Pet Sematary Movie Review: Sometimes Franchise Fred Is Better

You know me, I’d rather watch Pet Sematary 3 than a remake of Pet Sematary, but in a way Pet Sematary 2019 can be both. If it were really up to me, Pet Sematary 3 would have come out in the ‘90s and we’d be on Pet Sematary 10 by now, but 30 years have passed and both Pet Sematary movies are valid takes. They do Hamlet more often than that, and frankly they do Carrie more often too.

I’m going to assume you know the story of Pet Sematary like I do. I will discuss spoilers for the Stephen King novel and 1989 film but I’ll avoid spoiling anything about the new film except the big change they’ve already revealed in the trailer. Since there’s already a faithful adaptation of Pet Sematary, this film gets to explore what if the story played out differently? That would still be a good story.

I’m glad the trailers showed the switch between Gage (Hugo and Lucas Lavoie) and Ellie (Jete Laurence) because it gave us time to make peace with the fact that a key element of Pet Sematary would change. When you see that this  movie is much more Ellie’s story than it was before, the change totally makes sense.

Pet Sematary was always about Louis (Jason Clarke) and Rachel (Amy Siemetz) avoiding having the difficult discussion with Ellie about death. That’s much more in depth in this film. Louis is ready to tell Ellie about death but Rachel scowls at him. It makes sense that a doctor would be an atheist. They don’t come out and say atheism, but Louis doesn’t believe in an afterlife. That’s going to really challenge Louis later given the very premise of this film.

Jud (John Lithgow) is also a widower so the subject of death comes up with Ellie meets him too. Given all these varied adult forces deciding what Ellie should or shouldn’t know, it is absolutely right that Ellie bears the ultimate burden for it, and ultimately gets firsthand knowledge about which grown-ups are only speculating.

There’s also more emphasis on the idea that the Creeds moved away from Boston to slow down from the hustle and bustle of a big city, and Louis’s job in the ER. And the worse things get, it raises the question of whether this was a good move for them. Maybe they should have stayed and faced their city problems. Running away only brings more problems. Louis won’t give up on the country life though and that’s a different form of the inevitability of bad decisions. Read the signs, man. Listen to the God whisper, or in this case Victor Pascow (Obssa Ahmed).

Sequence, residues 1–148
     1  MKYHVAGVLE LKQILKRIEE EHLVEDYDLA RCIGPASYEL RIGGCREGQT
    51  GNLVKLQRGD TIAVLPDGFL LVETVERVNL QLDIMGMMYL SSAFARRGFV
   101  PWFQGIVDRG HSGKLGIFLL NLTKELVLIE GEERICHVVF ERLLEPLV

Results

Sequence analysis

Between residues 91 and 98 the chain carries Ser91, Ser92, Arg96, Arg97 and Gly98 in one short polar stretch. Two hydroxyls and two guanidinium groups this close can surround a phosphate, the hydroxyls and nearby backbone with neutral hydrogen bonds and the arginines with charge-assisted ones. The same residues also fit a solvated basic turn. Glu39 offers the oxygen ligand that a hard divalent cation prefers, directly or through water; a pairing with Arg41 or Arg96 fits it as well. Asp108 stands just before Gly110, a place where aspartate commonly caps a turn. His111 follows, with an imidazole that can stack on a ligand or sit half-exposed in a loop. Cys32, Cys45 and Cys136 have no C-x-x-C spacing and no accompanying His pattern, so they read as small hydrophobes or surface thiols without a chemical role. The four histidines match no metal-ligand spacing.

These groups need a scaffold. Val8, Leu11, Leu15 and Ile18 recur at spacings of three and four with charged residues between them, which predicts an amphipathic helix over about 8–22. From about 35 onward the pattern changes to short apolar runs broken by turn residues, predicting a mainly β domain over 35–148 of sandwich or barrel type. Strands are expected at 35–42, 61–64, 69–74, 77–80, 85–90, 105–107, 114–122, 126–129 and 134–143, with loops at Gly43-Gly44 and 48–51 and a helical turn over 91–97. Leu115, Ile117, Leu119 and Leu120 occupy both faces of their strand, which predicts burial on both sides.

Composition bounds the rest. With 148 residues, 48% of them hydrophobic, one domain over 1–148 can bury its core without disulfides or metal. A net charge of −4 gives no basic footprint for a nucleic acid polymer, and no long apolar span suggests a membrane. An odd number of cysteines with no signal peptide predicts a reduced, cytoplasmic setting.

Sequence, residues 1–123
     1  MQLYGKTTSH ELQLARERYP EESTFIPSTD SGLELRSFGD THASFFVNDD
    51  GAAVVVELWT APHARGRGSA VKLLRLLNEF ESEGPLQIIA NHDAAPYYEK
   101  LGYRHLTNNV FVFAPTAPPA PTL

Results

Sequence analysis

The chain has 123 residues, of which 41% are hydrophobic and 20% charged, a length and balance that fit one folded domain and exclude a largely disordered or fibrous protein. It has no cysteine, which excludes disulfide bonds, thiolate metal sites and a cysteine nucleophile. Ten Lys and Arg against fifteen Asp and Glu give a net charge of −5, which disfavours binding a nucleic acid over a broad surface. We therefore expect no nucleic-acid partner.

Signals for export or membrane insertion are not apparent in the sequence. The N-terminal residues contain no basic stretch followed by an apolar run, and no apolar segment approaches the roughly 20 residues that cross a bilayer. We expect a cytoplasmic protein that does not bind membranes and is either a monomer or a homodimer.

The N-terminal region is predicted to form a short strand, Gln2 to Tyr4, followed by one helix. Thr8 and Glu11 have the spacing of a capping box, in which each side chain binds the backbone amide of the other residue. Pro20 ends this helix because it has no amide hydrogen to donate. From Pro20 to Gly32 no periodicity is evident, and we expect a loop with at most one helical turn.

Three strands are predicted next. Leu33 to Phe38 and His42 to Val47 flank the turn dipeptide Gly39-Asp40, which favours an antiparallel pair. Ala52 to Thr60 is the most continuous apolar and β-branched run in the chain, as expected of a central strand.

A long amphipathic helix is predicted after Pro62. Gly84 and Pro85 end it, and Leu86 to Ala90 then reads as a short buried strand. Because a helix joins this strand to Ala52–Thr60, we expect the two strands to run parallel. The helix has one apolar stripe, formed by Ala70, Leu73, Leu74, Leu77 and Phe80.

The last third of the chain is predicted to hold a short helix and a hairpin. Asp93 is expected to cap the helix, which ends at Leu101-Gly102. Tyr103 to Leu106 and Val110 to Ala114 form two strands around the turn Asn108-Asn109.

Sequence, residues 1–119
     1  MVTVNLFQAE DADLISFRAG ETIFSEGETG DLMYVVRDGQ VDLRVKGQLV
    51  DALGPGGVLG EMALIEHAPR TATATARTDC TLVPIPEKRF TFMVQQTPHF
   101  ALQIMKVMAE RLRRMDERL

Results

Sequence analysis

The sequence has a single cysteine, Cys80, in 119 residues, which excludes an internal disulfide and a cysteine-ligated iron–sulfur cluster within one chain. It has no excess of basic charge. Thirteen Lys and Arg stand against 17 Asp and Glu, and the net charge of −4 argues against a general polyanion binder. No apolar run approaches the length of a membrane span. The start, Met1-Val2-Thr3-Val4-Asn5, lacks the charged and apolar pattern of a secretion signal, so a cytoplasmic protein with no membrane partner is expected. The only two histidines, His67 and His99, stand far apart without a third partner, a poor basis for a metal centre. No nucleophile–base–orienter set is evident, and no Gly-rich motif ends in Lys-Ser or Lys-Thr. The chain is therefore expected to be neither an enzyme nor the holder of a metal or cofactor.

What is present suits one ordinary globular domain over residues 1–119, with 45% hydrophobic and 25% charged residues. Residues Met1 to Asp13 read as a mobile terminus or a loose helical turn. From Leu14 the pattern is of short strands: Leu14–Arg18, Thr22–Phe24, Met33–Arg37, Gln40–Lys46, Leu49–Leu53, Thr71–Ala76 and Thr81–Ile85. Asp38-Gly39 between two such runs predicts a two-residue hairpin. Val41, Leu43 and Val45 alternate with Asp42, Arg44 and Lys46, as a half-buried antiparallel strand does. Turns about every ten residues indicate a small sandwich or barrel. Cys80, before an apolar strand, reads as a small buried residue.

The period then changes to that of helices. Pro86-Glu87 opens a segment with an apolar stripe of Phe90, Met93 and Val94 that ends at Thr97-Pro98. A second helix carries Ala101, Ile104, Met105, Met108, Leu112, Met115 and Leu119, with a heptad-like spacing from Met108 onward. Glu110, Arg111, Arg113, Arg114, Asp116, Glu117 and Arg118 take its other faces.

The Creeds really are a great family. I’m really sorry bad things have to happen to them, but this is Pet Sematary. What’s important is I believe every single one of these characters. By the time they do extreme things, I understood exactly where they were coming from.

Pet Sematary was a pretty graphic movie in 1989 but this one is more so. All the big moments are more: Pascow, Zelda, Church. King purists will be happy that this film addresses the Wendigo, albeit briefly. The truck driver is texting because of course he would be in 2019.

I’m so glad I now have three Pet Sematary movies to watch. Even though this one is a retelling of the Creed family story, it comes at those poignant themes in a uniquely powerful way. Hopefully this time they can get to Pet Sematary 10!

Written by
Fred Topel also known as Franchise Fred has been an entertainment journalist since 1999 and specializes in writing about film, television and video games. Fred has written for several outlets including About.com, CraveOnline, and Rotten Tomatoes among others. His favorite films include Toy Story 2, The Rock, Face/Off, True Lies, Labyrinth, The Big Hit, Michael Moore's The Big One, and Casablanca. We are very lucky and excited to have Fred as part of the We Live Entertainment team. Follow him on Twitter @FranchiseFred and @FredTopel

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